Energy and Climate Partnership of the Americas – Second Symposium in D.C. next April 15th.
Nobel Prize in Physics and U.S. Energy Secretary Steven Chu
Leaders of the Western Hemisphere recognize that energy is fundamental to sustainable development and they are committed to expanding cooperation to address the urgent and intertwined challenges of energy security and climate change. Energy Ministers will meet with civil society and the private sector at the Second Energy and Climate Ministerial of the Americas on April 15-16, 2010, in Washington, D.C. at the Inter-American Development Bank (IDB) and the Organization of American States (OAS), hosted by Secretary of Energy Steven Chu and with participation by Secretary of State Hillary Clinton. The first ministerial meeting was held in Peru last year.
This new development started during the last Summit of the Americas in Trinidad Tobago. U.S. President Barack Obama proposed an Energy and Climate Partnership of the Americas (ECPA) at the Fifth Summit of the Americas in April 2009. President Barack Obama vision is that “we must come together to find new ways to produce and use energy…So today, I’m proposing the creation of a new Energy and Climate Partnership of the Americas (ECPA) that can forge progress to a more secure and sustainable future.” His vision is that ECPA brings countries across the Western Hemisphere together to facilitate the acceleration of clean energy development and deployment, advance energy security, and reduce energy poverty by sharing best practices, encouraging investment, and cooperating on technology research, development and deployment.
ECPA is shaped by the five pillars laid out by President Obama:
- Energy efficiency;
- Renewable energy;
- Cleaner fossil fuels;
- Infrastructure; and
- Energy poverty.
The Department of State informed recently that joining ECPA is voluntarily, allowing governments, Inter-American organizations, private industry, and civil society to lead or participate in initiatives that reflect their priorities. Governments may work jointly or on their own to lead initiatives, finance activities, and/or create welcoming policy environments that encourage low carbon development. Countries identify areas where they can contribute or need assistance, collaborate, and share on the OAS ECPA information clearinghouse website.
The ECPA initiatives currently underway include:
- A Low Carbon Communities program launched by the U.S. Department of Energy (DOE) that will assist Costa Rican, Dominican, Peruvian, Colombian and Caribbean governments to develop transformative energy programs and policies;
- An initiative to promote sustainable urban development and planning led by Brazil;
- Strengthening of electrical interconnections in the Andean region, Chile and Panama led by Colombia;
- Clean energy technology centers that include a regional Energy Efficiency Center led by Peru, a regional Wind Research Center supported by Mexico, a regional Renewable Energy Center with Chile, an Energy Efficiency Center in Costa Rica with the Natural Resources Defense Council, a Biomass Center in Brazil, and a Geothermal Center in El Salvador with support from the IDB and DOE; and
- A Clean Energy Exchange Program of the U.S. Trade and Development Agency inviting nearly 50 Latin American and Caribbean energy officials on six reverse trade missions.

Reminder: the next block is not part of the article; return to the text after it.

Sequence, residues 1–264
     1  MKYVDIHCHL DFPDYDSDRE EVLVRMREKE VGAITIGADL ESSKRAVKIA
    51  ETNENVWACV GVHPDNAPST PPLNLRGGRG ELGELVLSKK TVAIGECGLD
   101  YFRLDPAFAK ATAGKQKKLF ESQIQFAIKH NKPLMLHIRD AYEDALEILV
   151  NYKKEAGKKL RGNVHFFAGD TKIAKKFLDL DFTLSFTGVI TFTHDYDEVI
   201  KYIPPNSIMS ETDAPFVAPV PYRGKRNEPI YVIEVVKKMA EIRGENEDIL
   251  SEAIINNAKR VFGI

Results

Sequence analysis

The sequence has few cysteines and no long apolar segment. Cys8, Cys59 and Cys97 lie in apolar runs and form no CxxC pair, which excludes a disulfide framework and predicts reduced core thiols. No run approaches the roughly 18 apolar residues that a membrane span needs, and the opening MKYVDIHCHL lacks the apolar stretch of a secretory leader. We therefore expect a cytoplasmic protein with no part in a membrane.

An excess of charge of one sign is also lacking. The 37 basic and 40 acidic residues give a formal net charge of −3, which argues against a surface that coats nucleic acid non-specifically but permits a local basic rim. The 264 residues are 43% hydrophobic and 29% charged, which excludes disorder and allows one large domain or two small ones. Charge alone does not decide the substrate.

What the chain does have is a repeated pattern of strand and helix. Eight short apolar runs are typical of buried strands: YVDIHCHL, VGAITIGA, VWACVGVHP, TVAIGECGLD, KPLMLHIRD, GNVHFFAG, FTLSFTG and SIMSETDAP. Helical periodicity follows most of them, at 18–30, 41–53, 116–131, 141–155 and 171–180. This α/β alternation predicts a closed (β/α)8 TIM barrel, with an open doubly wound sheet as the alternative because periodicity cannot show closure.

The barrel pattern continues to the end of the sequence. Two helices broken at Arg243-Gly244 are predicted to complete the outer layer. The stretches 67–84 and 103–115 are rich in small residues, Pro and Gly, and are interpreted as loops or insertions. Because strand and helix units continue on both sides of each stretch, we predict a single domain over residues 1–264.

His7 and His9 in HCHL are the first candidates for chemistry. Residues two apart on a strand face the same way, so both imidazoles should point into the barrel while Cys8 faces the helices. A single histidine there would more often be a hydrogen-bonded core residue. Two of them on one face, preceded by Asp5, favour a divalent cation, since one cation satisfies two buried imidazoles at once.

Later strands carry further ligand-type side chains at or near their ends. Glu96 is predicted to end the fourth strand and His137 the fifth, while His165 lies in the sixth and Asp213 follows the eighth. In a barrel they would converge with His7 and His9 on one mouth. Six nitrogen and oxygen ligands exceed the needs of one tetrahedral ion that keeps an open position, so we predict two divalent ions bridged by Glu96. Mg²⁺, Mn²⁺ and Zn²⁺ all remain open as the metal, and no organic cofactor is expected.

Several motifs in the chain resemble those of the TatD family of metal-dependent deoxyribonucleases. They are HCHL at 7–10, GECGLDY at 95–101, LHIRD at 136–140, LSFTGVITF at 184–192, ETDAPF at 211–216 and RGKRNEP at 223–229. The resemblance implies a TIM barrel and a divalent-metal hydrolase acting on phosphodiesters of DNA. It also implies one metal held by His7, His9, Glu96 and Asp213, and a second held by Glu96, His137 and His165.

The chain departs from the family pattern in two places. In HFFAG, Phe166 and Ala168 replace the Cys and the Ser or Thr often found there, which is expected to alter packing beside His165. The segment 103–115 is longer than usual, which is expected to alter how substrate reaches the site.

Americas’ Energy Leaders Take Action to Realize Energy and Climate Partnership of the Americas
After the 5th Summit of The Americas , the ministers of energy of the continent gathered together with major energy corporations and other experts in Lima, Peru June 15 and 16, 2009 at the Americas Energy and Climate Symposium. The Symposium, the first major energy event after the Summit of the Americas, resulted in the announcement of concrete joint actions to improve energy efficiency, promote clean and renewable energy, and increase information sharing on best practices and past experiences.
“As President Obama explained when announcing the Energy and Climate Partnership of the Americas, countries across our hemisphere must come together to find new ways to produce and use energy, so that we can create jobs and promote economic recovery while protecting our planet,” said U.S. Energy Secretary Steven Chu. “The Symposium is the latest in a series of collaborative efforts to strengthen our clean energy future throughout the Americas, and we look forward to working with our regional partners in the shared goal of combating global climate change.”
Among the joint efforts welcomed at the Symposium, Secretary Chu announced a Low Carbon Communities Program to assist countries in developing transformative energy efficiency and renewable energy programs to reduce the carbon footprint of urban communities throughout the region. Through this initiative, the Department of Energy will partner with countries in the region to provide technical assistance and limited funding to develop building standards and adopt modern urban planning strategies including transit-oriented development to achieve low carbon communities.
Energy leaders also announced the development of a Regional Energy Efficiency Center in conjunction with the Peruvian government and a Regional Wind Center supported by Mexico.
The Americas Energy and Climate Symposium, hosted by the Government of Peru, demonstrates the strong support of the nations of the region to expand cooperation on energy and climate change as part of the Energy and Climate Partnership of the Americas (ECPA). The Partnership was first announced at the Fifth Summit of the Americas in Port of Spain, Trinidad and Tobago, where President Obama invited all countries of the Western Hemisphere to be a part of a united effort in this critical area. Since the Summit in April, regional response has been overwhelmingly positive across all five ECPA elements: energy efficiency, renewable energy, cleaner fossil fuels, critical infrastructure, and energy poverty alleviation.